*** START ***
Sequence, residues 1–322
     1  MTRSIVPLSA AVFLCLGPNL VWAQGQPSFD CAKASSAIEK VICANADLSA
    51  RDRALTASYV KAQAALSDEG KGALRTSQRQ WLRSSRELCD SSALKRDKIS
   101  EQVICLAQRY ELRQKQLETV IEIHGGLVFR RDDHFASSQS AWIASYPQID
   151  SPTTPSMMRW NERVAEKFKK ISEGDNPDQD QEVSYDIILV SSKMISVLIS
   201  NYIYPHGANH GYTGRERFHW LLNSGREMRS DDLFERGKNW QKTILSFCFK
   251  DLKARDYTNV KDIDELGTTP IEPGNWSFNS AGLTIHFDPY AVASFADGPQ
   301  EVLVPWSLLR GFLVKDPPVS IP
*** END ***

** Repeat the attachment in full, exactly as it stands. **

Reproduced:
Sequence, residues 1–322
     1  MTRSIVPLSA AVFLCLGPNL VWAQGQPSFD CAKASSAIEK VICANADLSA
    51  RDRALTASYV KAQAALSDEG KGALRTSQRQ WLRSSRELCD SSALKRDKIS
   101  EQVICLAQRY ELRQKQLETV IEIHGGLVFR RDDHFASSQS AWIASYPQID
   151  SPTTPSMMRW NERVAEKFKK ISEGDNPDQD QEVSYDIILV SSKMISVLIS
   201  NYIYPHGANH GYTGRERFHW LLNSGREMRS DDLFERGKNW QKTILSFCFK
   251  DLKARDYTNV KDIDELGTTP IEPGNWSFNS AGLTIHFDPY AVASFADGPQ
   301  EVLVPWSLLR GFLVKDPPVS IP